In the hiring landscape of today, companies are selling themselves to candidates in the interview process as much as the other way around. Candidates are not only looking at the company or the role, but also looking at their potential managers and peers. The best candidates, especially in niche industries, might receive 4 or 5 offers. What makes one company stand out amongst the others? Branding and culture. 

To communicate this branding and culture, companies should look at ways they can leverage the talent they already have in the organisation.

Selling your company to the candidate

Candidates today are not just looking at the company or the roles, but also the managers that they report to, and it’s very important, who are we putting in front for the interview process. Nilay Khandelwal, Managing Director at Michael Page Singapore explains, “Gone are the days where we can just roll out a list of technical skills and think if you roll out an offer that person will accept. Companies are selling themselves to the candidates themselves in the interview process.”

Candidates want to know: 

  • How diverse is the company?
  • What’s the peer group they will work with?
  • What do the leaders stand for, especially in times of conflict?

Khandelwal says, “Every candidate is researching before they end up in an interview room today.  In the end, it’s about adaptability and the extent of the opportunities you can provide.”

This is where employer branding comes in.  At Michael Page Singapore, we have progressively worked with some of our clients on their branding. This includes branding their organisation, culture, the benefits of working with him. As Khandelwal says, “Branding changes the game in a competitive landscape like Singapore, where some of the candidates with niche skill sets in digital or technology are getting multiple offers. Which one to go for then depends on other elements, rather than just the technicality of the job.” Culture can be a real, effective tool in attracting and retaining candidates.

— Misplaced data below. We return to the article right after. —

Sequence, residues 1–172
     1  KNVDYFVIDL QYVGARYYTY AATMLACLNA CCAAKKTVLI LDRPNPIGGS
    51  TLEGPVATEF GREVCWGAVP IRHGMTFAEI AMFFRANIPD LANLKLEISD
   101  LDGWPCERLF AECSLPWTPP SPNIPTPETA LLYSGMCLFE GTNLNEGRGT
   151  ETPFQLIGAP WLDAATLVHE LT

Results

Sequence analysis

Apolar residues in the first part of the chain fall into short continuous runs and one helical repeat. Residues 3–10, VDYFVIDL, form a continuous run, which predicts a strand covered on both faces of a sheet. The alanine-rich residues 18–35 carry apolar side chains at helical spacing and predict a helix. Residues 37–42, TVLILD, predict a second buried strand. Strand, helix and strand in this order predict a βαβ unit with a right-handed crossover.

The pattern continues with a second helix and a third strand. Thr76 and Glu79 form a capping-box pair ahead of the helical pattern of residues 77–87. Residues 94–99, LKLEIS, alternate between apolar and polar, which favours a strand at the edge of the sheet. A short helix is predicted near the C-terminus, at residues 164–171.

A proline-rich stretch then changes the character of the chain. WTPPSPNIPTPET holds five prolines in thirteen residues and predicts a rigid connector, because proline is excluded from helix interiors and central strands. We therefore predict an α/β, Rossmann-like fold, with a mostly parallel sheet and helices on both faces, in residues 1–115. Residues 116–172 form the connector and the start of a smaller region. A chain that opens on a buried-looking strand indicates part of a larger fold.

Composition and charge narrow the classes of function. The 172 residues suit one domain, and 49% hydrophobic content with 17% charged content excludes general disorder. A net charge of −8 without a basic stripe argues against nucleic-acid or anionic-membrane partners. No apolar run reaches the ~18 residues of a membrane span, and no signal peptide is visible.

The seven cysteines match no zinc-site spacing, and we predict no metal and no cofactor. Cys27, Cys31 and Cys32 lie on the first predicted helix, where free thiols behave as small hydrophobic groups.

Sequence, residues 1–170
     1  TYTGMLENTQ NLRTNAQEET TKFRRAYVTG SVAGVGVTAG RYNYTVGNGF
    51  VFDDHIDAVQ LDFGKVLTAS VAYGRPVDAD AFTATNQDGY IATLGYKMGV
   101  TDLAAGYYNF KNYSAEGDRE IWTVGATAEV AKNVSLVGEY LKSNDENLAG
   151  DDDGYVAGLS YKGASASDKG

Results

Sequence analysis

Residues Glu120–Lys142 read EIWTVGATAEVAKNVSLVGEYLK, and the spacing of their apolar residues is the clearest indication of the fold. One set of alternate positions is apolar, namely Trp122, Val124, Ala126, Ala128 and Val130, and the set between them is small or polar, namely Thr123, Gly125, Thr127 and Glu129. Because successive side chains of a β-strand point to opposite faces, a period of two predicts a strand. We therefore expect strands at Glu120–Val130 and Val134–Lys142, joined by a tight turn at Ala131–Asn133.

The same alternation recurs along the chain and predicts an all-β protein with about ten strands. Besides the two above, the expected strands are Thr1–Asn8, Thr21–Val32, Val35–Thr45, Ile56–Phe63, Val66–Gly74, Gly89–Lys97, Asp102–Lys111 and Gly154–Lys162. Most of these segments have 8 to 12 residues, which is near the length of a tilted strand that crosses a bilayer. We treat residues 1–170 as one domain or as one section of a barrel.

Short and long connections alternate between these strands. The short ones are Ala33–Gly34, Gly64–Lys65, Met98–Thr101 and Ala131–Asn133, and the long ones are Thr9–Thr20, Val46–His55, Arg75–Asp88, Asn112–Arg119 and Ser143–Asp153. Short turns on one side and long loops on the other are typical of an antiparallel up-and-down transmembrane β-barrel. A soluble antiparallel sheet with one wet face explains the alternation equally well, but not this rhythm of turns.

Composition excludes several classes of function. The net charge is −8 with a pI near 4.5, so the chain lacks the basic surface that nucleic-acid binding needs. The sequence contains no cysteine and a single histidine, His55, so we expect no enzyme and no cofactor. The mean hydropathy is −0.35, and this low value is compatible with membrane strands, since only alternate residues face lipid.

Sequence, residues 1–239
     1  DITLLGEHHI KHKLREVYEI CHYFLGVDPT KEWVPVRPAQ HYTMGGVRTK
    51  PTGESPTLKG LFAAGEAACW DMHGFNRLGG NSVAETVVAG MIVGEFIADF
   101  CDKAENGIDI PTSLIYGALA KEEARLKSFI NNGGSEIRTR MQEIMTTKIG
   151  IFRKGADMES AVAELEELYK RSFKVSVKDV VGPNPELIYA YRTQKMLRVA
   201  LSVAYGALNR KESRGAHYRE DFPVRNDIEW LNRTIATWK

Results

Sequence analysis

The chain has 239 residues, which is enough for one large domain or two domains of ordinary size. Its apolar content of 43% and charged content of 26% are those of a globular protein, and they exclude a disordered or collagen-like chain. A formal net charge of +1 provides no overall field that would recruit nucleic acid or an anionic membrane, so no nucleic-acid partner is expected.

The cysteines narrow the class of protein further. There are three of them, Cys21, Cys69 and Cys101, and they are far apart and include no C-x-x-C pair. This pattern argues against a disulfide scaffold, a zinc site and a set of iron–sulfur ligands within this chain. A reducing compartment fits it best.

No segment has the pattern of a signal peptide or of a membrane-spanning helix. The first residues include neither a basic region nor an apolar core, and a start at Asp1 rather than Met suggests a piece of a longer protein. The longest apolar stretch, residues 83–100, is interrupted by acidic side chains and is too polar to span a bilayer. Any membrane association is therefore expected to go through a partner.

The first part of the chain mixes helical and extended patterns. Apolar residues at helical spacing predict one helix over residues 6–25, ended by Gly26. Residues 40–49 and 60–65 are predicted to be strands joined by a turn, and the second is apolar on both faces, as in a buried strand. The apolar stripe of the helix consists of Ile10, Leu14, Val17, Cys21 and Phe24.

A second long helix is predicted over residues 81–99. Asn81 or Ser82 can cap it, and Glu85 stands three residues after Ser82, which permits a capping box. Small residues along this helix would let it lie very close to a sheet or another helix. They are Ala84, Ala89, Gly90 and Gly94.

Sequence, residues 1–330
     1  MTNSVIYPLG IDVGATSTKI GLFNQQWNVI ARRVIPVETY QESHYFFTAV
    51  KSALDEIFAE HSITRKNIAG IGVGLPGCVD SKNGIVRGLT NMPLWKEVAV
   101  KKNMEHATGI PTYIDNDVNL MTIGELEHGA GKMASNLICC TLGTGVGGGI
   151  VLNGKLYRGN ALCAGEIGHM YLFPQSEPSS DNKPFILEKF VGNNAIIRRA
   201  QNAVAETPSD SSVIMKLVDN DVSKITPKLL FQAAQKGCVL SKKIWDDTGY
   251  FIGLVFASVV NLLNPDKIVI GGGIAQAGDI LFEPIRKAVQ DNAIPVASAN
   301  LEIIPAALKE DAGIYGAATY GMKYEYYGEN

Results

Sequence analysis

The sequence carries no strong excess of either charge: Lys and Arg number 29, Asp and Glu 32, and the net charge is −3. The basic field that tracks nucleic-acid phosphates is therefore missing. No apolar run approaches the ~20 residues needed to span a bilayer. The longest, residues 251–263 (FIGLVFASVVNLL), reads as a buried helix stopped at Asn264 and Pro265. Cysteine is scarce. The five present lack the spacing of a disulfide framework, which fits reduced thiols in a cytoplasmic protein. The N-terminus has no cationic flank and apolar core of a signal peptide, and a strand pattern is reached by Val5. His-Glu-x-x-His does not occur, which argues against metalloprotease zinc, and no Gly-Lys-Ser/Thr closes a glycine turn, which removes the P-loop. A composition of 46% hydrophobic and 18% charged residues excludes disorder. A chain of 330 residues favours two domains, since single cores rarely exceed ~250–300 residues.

The role of social media

Social media is becoming increasingly important. Having a presence on social media is especially important for the younger generations who often optimise their own presence as a social resume. It truly is an important tool. If your website, or social media accounts aren’t up to the mark, it can make a big impact on the final decision that candidates make. Khandelwal says, “Everyone is researching before they end up in an interview room today – it’s important to get that digital outlook sorted.”

Understand your employees

By understanding employee motivation, you can improve the way your company works. Both parties need to understand each other’s needs and seek to satisfy each other’s expectations. The best way to do this is through genuine conversations that reflect every real-life expectations of work and the wider world. 

Recruitment is moving away from the transactional view that money is the primary motivator, and from one-size-fits-all products like today’s job descriptions, towards tomorrow’s greater focus on purpose and personalisation. By understanding your employees better, via assessment, listening and training, it is possible to recruit the best available people for the present and the future. 

To attract talent, companies will have to adjust to the new reality on the job market. They have to compete to hire the best talent. One of the ways to reach out to potential candidates is by using your own people to promote your company.

Employee ambassadors offer authenticity 

If you can turn your best employees into brand ambassadors, you help to create an open, transparent first line of peer-review for the company. According to recent studies, 36% of companies use this method to attract managers, helping them find the best available profiles faster.

Using employees to help source candidates leverages your employer branding in a powerful way. Your current employees become ambassadors for the company and brand, and the conversations they have are genuine, from person to person. It allows you as a hiring manager to access wider, more balanced candidate lists as recommendations often come on a personal level, with buy-in from your current employees on exactly what kind of personality will fit.  

This feedback helps drive teams forward, as it gives visibility on any issues the team might have – and what is working well and could be used to help other teams. To be better advocates for the company, employees need to be fulfilled at work. Through feedback, the manager can pre-empt problems if there are any, or continue with policies that help drive employee engagement.  

How can you attract better candidates? 

Employees need to be understood and respected as individuals. They can no longer be treated as an indistinct mass. To recruit the right employees for your business there needs to be a personalisation of human resource management, starting from the job briefing, to the job advert, the process, and into onboarding and beyond.   

The need to test for skills outside of technical areas is obvious. It opens the field of candidates,  helping companies find the best available profiles – those with the cognitive, behavioural skills that will grow with the role and any future one.  

Read more in our series The Future of Hiring

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